By Paula R. Stiles
Rowan, Iain. Nowhere to Go: Eleven Short Crime Stories. Infinity Plus, 2011. 82pp. ASIN: B004TNHGFG.
There is an aspect of crime fiction that overlaps with horror. Famed Hollywood director Alfred Hitchcock is equally claimed by the mystery and horror genres. No surprise, therefore, that Iain Rowan has also published horror – or that his crime anthology, Nowhere to Go, trips along this uneasy line. Several of the stories have even appeared in Alfred Hitchcock’s Mystery Magazine and share the Master’s love of fatal irony.
Each of these tales shares two major characteristics: Every story has a crime in it and each has a twist. In most cases, that twist turns the protagonist’s situation from dicey to completely screwed. Sometimes, the protagonists deserve it; sometimes, they don’t. Sometimes, the twist comes at the end. Just as often, it appears early, but you don’t know it until later.
A cheating husband’s sins have consequences well beyond his own life when he’s blackmailed in “Chain”, while two urban gangsters find themselves well out of their element on a countryside job in “A Walk in the Park”. The countryside proves equally deadly for an opportunistic burglar in “Easy Job”, a story that takes a nasty drop at the end right into horror of the Poe variety. And in the title story (which is also the last), a man suffering from paranoid schizophrenia discovers it’s possible not all of his enemies are imaginary.
Probably the best outcome is the Lady-or-the-Tiger cliffhanger in the first tale, “One Step Closer”. At least Ward has a chance to be a hero when he tries to stop a bank robbery by gambling on a real-life case of Russian Roulette. He’s also one of only two protagonists who isn’t a criminal. Others get away with their crimes, but you sense that it’s only a matter of time before they, too, will be caught in the trap and dispatched by a bigger fish. In Rowan’s stories, a bigger predator is always out there, circling, waiting.
While most of the stories are in third person, “One of Us” is in first person. This does not change the fate of the protagonist, this time an illegal immigrant, one bit. Her willingness to do anything for a visa gets her into a situation that is as bad as the one she left behind in Kosovo. The first-person narrator of “Two Nights’ Work” has better luck, haggling in a bar over a “worthless” painting, as does the cunning narrator of “Fake”, who cons a nebbish distracted by a far worse crime.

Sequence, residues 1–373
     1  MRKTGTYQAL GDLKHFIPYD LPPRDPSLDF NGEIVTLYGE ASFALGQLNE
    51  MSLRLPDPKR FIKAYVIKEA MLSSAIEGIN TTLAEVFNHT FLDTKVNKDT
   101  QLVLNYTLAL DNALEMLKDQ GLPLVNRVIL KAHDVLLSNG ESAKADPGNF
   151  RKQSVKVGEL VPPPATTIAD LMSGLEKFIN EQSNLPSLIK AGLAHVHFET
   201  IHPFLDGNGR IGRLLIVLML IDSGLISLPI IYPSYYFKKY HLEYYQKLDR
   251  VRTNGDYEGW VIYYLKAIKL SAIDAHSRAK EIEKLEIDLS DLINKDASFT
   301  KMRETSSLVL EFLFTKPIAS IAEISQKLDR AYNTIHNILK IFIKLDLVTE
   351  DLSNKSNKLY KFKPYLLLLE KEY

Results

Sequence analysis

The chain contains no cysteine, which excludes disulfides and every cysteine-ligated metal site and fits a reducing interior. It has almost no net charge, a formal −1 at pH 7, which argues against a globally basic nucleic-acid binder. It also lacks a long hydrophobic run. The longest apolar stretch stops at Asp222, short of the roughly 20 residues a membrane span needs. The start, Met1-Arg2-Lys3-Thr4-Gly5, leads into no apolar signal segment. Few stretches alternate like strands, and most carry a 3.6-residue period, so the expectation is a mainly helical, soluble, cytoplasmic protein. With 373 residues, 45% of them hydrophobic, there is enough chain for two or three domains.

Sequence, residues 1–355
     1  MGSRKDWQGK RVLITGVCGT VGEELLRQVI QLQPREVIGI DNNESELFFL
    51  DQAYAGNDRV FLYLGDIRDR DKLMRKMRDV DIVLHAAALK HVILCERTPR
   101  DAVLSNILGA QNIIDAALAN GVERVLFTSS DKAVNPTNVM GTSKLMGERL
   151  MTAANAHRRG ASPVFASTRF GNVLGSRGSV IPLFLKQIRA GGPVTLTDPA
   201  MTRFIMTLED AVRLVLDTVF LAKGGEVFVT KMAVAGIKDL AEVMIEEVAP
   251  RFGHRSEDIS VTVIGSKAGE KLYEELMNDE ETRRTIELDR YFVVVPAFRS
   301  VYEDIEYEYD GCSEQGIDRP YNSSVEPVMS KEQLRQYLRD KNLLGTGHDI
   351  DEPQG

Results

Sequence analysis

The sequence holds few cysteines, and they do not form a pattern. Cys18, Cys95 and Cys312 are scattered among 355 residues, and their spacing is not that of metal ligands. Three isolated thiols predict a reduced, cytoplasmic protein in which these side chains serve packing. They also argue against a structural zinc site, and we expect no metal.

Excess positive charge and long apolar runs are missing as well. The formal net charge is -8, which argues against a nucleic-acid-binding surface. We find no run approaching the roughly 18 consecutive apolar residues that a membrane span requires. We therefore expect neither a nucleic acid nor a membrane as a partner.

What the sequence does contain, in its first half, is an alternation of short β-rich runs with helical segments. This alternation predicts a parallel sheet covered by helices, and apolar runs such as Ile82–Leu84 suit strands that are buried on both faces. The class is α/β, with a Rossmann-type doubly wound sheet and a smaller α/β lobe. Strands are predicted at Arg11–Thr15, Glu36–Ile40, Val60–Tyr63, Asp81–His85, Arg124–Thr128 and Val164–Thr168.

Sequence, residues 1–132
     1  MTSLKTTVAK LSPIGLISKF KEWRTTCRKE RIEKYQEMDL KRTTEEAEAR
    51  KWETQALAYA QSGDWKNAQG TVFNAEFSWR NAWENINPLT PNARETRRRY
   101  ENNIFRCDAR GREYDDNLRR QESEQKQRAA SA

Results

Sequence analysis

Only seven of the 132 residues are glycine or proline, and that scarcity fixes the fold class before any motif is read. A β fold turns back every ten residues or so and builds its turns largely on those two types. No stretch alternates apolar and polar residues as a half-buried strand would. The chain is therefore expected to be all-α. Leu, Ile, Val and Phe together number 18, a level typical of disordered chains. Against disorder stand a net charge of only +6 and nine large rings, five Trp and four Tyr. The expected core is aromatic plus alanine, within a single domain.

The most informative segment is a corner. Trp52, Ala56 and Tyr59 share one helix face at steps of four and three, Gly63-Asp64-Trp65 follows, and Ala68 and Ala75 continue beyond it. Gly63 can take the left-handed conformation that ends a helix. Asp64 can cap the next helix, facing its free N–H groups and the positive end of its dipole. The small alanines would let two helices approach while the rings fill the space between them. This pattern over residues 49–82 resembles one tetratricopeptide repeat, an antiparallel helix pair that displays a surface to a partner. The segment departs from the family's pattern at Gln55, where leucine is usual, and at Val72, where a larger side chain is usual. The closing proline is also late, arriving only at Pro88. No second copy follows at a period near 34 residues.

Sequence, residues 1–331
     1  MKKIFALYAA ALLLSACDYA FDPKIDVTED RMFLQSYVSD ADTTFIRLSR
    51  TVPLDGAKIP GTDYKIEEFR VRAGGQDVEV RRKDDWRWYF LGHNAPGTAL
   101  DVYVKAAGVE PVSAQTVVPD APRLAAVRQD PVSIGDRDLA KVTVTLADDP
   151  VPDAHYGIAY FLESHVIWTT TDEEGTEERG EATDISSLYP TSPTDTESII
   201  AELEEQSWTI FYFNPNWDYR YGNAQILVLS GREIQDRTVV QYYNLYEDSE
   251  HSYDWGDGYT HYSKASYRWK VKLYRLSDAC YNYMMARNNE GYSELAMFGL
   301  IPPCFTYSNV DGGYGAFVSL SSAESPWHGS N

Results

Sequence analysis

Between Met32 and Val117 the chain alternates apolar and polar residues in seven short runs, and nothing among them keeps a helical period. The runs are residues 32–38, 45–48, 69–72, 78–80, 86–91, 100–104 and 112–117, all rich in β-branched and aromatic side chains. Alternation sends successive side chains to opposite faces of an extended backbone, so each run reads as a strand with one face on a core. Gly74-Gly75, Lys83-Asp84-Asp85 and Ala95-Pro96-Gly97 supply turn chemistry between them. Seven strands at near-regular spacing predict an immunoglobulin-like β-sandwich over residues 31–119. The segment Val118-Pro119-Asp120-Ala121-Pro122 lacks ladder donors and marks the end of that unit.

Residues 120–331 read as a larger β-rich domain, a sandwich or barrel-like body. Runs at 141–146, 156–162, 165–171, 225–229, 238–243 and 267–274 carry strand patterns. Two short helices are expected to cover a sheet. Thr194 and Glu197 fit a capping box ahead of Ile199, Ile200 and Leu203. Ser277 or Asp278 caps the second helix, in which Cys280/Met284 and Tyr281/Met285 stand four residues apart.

Only one tale, “Moths”, is dark fantasy and it’s pretty dark. A man becomes obsessed with a woman he meets in a bar. He doesn’t give any thought to what this means to the man she’s left at home, or what it might mean to replace him. Or what her motivation is.
You find out the narrator of “Chairman of the Bored” is dead on the first page. You don’t find out how or why until the end. The story evokes the teenage wasteland of A Clockwork Orange, but if anything, it’s bleaker. Similarly bleak (even in the title) is “The Remains of My Estate”, in which a man kicks heroin, only to find he has cancer. But his illness may give him a courage he never had to take out a man as evil as a cancer, who preys on his neighbourhood.
All of the stories are set in England. Rowan doesn’t overdo the dialects. In fact, his language is spare and unadorned, almost as colourless as the surroundings he describes. But there are many references specific to English culture, such as WHSmith (a British bookchain) and council estates (the British equivalent of a housing project in Canada or the U.S.). Even more distinctly English is the nearness of the sea, no matter where the story’s set, and the immediacy of the countryside. The characters can easily go from the city to the middle of the country in an hour or so. For some, it proves their undoing.
Stories often begin deceptively, with not much indication of where they’re going, but the endings are remarkably clear in where the protagonists end up. There is no doubt or ambiguity about their fates, even for those who get away. Rowan’s world is dark and pitiless, horror in mood if not always in execution. It reminds me a bit of Ian Rankin’s work. His short, brisk tales draw you in and you hope for a better outcome, even for some of the worst protagonists. But you won’t usually get one.